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Covering a wide range of topics, from advanced masking to chart creation, Illustrator CS4 Beyond the Basics reveals a whole new level of power, creativity, and efficiency with Illustrator. Instructor Mordy Golding explores how to work with Live Paint groups, get the most out of the Live Trace feature, and take advantage of Illustrator’s wide range of effects. He also discusses advanced transformation techniques, powerful 3D functionality, and important color concepts. Exercise files accompany the course.
So we know that inside of Illustrator you need to apply an attribute to a specific path. You can't just apply an attribute to any arbitrary area. Well, that's exactly where this feature called Live Paint comes in inside of Illustrator. Let's take a look at what I mean. I am going to start by drawing two rectangles that overlap each other on my artboard. I'll use my Selection tool to select both of them and I'll set the fill attributes to both these rectangles to None. So now I have two rectangles, they overlap each other, but what appears, to the eye at least, is that I have three rectangles. I have one area here, another area here and a third area here.
What Live Paint allows me to do is to paint objects not by how the objects themselves are built but rather by the visual boundaries that they form. So where a program like Photoshop, for example, might see this as three distinct areas, Live Paint will allow me to do that exact same thing, but here inside of Illustrator. In fact, it's almost the exact same thing as me having to go to the Pathfinder panel and splitting these into three distinct objects and then applying the colors to them, but I don't have to apply the Pathfinder. Let me show you what I mean. I'm going to select both these objects right here. I'm going to over here down to my toolbar. I'm going to select a tool here called the Live Paint Bucket tool. Now I'm going to move my mouse over here and as soon as I come near the regions of these particular objects, they are going to highlight in red and a little popup is going to say Click to make a Live Paint group.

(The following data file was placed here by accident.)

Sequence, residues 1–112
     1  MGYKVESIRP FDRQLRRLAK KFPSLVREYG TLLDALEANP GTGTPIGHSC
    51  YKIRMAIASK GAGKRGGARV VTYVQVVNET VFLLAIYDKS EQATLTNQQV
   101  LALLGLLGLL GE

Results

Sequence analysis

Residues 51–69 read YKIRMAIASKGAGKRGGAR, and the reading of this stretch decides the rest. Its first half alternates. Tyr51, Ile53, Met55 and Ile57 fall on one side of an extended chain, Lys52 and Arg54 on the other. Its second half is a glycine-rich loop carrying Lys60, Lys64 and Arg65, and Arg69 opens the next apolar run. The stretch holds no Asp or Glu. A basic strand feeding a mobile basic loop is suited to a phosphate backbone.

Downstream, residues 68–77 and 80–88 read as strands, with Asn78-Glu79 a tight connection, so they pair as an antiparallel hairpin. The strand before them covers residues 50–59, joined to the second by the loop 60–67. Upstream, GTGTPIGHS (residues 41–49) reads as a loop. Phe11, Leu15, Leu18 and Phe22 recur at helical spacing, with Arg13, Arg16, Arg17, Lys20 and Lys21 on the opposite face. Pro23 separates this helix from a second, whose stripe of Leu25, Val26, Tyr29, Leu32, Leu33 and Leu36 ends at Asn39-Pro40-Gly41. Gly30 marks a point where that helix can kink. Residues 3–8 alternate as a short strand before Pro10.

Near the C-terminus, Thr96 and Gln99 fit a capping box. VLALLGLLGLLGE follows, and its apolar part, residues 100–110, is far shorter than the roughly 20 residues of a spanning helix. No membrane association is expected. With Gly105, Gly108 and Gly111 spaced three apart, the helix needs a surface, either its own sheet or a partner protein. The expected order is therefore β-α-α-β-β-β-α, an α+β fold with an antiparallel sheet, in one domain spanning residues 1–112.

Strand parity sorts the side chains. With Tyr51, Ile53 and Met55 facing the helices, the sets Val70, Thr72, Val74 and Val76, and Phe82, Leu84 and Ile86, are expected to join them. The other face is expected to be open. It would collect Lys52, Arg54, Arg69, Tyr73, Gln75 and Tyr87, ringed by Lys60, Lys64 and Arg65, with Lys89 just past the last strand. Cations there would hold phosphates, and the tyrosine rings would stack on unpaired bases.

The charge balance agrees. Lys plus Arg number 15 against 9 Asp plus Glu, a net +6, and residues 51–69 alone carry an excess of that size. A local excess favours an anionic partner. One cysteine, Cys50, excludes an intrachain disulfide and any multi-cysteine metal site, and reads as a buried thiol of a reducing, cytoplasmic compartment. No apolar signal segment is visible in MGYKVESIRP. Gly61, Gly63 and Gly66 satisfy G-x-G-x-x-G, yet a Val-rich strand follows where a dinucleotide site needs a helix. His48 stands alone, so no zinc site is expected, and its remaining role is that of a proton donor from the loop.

So I'm going to go ahead and click, and you will notice that now as I move my cursor around these regions, they get highlighted in red. The red outline is indicating that that area is visually a separate object which I can paint using the Live Paint Bucket tool. For example, I'll come over here and expand the docks so that I can see all my Swatches here. Let's move the Pathfinder panel away here. I'll choose the yellow swatch here and I'll move my Paint Bucket tool to this region and click once to apply the yellow fill. Next I'll choose is Gradient and I'll apply the Gradient here to the middle, and I'll even take a pattern and apply a pattern here to this other region here. Now it's important to realize what's happening here.
I still have two distinct paths in my document. I have two rectangles. But I have three paintable regions. To illustrate that, I'm simply going to come over here and use my regular Direct Selection tool and I'll select one of these rectangles right here and see that I could actually move it around. In doing so the overlapping area simply updates itself. In fact this is why Illustrator refers this feature as Live Paint and it allows me to move the object and then it updates those filled areas as I do so. So the main takeaway here is that this Live Paint function, at least in this particular example, with the Live Paint Bucket tool, I can actually paint objects inside of Illustrator not by how they are built; rather I can paint and apply attributes based on how those objects appear on my artboard.
Now again this is a departure from the vector-based way of thinking because if you think about it, this area or this region right now that has the Gradient fill applied to it, there is no object there. There is just a Gradient fill that was applied to an area that looks like there is an object there. So with this example we'll begin to see what Live Paint brings to Illustrator. But as we are soon to find out, this is only the beginning.
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